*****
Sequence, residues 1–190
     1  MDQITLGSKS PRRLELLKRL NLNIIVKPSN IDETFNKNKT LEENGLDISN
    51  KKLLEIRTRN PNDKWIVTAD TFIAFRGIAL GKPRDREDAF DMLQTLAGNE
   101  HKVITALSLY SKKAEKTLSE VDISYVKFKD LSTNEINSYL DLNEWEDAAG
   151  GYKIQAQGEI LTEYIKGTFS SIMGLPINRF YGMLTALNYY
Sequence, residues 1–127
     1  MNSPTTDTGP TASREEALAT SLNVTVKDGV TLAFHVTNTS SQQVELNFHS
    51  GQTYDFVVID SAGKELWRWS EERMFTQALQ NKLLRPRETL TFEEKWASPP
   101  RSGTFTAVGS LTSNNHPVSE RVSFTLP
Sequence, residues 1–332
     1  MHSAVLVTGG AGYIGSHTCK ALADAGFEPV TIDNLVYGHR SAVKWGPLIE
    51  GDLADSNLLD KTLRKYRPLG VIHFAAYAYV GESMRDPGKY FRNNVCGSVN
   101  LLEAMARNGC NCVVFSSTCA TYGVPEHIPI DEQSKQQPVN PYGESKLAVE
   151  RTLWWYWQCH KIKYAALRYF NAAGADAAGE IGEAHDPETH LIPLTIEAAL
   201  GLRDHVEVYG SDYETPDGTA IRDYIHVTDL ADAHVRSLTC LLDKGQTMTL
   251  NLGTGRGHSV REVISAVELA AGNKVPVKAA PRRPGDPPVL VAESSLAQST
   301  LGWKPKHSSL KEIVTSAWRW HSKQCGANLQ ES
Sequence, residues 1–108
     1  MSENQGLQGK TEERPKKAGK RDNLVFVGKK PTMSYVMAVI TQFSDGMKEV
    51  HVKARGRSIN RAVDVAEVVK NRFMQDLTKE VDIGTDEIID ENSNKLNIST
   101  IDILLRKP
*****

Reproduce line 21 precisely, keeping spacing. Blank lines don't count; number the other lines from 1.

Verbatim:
   101  IDILLRKP